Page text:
A mid-Cretaceous tyrannosauroid and the origin of North American end-Cretaceous dinosaur assemblages.Nat Ecol Evol. 2019 06; 3(6):892-899.NE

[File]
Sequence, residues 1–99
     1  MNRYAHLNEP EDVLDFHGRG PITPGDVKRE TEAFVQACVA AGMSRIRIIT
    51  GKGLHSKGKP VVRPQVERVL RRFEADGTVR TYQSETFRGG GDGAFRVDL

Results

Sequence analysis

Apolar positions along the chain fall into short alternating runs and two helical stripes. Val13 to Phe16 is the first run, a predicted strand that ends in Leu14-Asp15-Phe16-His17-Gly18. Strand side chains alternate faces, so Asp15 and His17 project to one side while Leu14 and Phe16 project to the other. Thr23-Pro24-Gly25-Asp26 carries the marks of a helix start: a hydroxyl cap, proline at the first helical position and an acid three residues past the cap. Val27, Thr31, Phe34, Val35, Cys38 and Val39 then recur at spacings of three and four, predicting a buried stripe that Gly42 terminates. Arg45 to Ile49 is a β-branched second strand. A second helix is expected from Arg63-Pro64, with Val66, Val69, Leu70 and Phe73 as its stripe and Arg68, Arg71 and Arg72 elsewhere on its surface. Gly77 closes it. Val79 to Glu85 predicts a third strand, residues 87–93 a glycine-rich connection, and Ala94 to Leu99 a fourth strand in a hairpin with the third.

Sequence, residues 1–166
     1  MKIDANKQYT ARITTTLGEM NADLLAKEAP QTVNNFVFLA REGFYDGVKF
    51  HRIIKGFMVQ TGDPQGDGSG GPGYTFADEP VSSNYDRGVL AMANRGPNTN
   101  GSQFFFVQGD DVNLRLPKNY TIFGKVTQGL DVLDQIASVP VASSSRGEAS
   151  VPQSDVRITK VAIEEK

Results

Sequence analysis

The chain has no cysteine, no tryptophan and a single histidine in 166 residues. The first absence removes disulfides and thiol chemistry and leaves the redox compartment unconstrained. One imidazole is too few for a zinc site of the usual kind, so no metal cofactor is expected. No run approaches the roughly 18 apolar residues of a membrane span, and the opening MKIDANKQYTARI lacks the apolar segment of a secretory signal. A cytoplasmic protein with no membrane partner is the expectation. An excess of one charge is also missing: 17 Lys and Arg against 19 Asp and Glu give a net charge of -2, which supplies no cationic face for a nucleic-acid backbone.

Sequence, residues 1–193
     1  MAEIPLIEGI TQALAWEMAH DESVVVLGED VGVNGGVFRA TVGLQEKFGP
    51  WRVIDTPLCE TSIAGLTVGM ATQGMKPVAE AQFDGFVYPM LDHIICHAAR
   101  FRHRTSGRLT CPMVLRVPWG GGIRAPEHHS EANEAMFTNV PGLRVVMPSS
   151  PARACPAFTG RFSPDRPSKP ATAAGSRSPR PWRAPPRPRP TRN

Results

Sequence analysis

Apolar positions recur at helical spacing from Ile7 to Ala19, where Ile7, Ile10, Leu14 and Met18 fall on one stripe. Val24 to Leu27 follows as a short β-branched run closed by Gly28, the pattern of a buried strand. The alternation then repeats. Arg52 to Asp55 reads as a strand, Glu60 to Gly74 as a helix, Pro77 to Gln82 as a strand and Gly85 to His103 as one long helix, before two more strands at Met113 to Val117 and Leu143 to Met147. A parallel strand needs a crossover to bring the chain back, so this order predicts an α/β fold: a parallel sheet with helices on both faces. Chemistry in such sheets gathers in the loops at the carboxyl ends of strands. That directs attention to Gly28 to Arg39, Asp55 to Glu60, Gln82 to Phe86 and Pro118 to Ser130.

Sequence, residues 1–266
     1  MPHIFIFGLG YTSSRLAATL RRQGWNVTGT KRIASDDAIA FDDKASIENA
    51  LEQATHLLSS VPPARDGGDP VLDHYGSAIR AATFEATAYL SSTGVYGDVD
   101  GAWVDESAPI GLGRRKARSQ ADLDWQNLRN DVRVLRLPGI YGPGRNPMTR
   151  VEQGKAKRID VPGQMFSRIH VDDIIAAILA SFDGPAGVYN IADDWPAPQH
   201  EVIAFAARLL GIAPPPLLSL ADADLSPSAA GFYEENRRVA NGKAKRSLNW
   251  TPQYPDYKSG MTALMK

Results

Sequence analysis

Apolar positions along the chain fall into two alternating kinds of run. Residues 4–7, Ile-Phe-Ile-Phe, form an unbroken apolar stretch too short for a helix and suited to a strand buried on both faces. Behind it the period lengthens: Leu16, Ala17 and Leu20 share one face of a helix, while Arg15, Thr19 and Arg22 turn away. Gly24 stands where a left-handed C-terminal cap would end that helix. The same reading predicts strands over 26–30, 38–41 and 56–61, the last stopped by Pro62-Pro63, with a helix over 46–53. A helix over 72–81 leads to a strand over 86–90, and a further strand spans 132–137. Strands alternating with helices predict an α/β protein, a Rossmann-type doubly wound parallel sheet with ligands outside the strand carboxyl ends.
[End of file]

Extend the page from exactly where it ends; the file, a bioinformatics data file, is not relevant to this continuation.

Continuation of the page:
Late Cretaceous dinosaur assemblages of North America-characterized by gigantic tyrannosaurid predators, and large-bodied herbivorous ceratopsids and hadrosaurids-were highly successful from around 80 million years ago (Ma) until the end of the 'Age of Dinosaurs' 66 Ma. However, the origin of these iconic faunas remains poorly understood because of a large, global sampling gap in the mid-Cretaceous, associated with an extreme sea-level rise. We describe the most complete skeleton of a predatory dinosaur from this gap, which belongs to a new tyrannosauroid theropod from the Middle Turonian (~92 Ma) of southern Laramidia (western North America). This taxon, Suskityrannus hazelae gen. et sp. nov., is a small-bodied species phylogenetically intermediate between the oldest, smallest tyrannosauroids and the gigantic, last-surviving tyrannosaurids. The species already possesses many key features of the tyrannosaurid bauplan, including the phylogenetically earliest record of an arctometatarsalian foot in tyrannosauroids, indicating that the group developed enhanced cursorial abilities at a small body size. Suskityrannus is part of a transitional Moreno Hill (that is, Zuni) dinosaur assemblage that includes dinosaur groups that became rare or were completely absent in North America around the final 15 Myr of the North American Cretaceous before the end-Cretaceous mass extinction, as well as small-bodied forebears of the large-bodied clades that dominated at this time.